Matthew Hudson of ITV News on the unsolved murder that haunted a generation
He was the little boy who went out to play - and never came home.
Rikki Neave's disappearance in November 1994 sparked a police manhunt, a media frenzy, and a search for justice that would last 27 years.
The discovery of the six-year-old's body less than 24 hours later, in woodland near his home in Peterborough - naked and arranged in a star shape - captured international attention and spawned dark, occult conspiracy theories in an age before the internet.
Police swiftly charged his mother Ruth with his murder. When a jury found her not guilty at trial, police said they would not be looking for anyone else - and the trail to find Rikki's killer went cold for nearly 20 years.
It took a dramatic plea from his mother in November 2014 - the 20th anniversary of Rikki's death - for police to reopen the investigation.
Fresh eyes and modern technology allowed the new team to see clues in the evidence that had evaded the original investigators - and led them to question James Watson, a boy from Rikki's estate who would have been just 13 at the time of the murder.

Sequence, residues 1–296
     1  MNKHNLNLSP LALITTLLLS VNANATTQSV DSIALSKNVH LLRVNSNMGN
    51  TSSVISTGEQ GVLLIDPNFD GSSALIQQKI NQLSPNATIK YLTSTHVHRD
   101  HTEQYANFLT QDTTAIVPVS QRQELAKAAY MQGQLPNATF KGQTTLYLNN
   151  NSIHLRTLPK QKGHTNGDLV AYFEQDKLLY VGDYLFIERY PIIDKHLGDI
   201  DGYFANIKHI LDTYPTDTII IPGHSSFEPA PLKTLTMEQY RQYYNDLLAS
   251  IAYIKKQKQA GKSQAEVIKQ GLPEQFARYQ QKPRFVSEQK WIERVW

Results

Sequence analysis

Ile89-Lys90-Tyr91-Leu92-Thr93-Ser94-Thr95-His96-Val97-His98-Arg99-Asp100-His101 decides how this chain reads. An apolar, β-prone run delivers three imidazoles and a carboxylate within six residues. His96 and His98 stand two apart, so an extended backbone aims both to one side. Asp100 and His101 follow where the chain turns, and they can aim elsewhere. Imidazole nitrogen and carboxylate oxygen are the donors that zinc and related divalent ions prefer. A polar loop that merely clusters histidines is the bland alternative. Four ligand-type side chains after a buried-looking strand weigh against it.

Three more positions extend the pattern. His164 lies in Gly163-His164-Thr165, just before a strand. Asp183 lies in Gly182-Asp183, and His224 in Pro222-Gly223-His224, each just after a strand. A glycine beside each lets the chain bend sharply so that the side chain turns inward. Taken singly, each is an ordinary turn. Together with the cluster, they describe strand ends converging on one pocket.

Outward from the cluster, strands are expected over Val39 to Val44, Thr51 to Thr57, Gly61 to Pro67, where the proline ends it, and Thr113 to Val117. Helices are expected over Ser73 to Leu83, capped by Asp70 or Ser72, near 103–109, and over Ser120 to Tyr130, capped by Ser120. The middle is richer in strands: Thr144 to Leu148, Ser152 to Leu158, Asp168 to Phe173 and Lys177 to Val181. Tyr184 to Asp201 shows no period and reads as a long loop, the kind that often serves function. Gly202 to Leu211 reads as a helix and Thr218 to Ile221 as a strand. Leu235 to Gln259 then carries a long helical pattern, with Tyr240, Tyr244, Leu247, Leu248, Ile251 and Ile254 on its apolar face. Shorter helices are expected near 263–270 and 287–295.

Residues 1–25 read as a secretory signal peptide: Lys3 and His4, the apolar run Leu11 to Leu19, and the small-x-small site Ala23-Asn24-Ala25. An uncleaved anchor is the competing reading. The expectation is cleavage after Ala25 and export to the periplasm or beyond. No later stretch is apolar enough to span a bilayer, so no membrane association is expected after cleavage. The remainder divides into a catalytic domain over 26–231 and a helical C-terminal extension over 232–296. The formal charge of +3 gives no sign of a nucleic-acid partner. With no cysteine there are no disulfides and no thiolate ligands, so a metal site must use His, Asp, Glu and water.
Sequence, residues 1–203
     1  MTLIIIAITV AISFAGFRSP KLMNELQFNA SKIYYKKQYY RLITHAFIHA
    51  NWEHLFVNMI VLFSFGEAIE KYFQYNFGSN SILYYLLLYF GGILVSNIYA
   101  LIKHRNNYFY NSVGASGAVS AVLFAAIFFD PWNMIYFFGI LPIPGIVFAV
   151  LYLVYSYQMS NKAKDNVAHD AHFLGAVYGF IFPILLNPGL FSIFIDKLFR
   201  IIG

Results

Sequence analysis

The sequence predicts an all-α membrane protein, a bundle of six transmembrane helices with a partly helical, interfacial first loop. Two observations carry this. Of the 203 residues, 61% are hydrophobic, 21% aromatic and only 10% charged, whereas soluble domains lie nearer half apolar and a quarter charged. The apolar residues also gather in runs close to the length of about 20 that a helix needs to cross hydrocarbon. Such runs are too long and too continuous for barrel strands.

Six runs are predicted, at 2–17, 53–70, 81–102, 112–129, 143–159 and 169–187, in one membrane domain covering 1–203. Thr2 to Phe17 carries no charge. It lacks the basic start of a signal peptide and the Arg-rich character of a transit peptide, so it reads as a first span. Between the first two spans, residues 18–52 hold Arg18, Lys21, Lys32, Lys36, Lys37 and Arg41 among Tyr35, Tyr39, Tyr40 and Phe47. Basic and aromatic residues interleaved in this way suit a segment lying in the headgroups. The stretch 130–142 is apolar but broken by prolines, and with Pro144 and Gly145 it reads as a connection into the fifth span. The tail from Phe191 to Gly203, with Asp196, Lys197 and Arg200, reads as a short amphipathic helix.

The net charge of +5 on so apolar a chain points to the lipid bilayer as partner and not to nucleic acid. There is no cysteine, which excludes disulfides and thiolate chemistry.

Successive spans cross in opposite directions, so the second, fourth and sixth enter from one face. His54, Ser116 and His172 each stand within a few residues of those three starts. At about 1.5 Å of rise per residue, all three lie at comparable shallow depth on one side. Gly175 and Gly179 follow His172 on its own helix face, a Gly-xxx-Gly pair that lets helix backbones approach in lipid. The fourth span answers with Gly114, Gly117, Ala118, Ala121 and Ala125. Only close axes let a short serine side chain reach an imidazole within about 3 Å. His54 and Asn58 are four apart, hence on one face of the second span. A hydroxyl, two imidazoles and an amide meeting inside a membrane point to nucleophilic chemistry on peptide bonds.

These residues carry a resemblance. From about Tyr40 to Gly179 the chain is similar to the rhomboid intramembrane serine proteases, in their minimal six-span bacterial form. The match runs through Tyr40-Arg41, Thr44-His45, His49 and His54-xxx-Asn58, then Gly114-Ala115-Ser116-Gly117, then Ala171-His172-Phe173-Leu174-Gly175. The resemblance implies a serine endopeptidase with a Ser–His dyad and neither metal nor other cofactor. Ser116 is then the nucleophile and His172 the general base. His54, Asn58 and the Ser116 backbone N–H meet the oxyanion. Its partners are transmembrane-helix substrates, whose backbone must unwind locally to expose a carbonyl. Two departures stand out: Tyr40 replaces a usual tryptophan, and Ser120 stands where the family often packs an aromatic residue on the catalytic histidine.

He admitted he had seen Rikki on the morning he went missing - but detectives found the crucial details to prove his excuses were lies.
After a four-month trial in early 2022, James Watson - now a 41-year-old man - was found guilty of the murder of Rikki Neave, finally closing the case on one of the country's longest-running unsolved child murders.
For most of his career, ITV News Anglia reporter Matthew Hudson has followed the case. Speaking to ITV News' Here's The Story, he reflects on a murder that haunted a generation.
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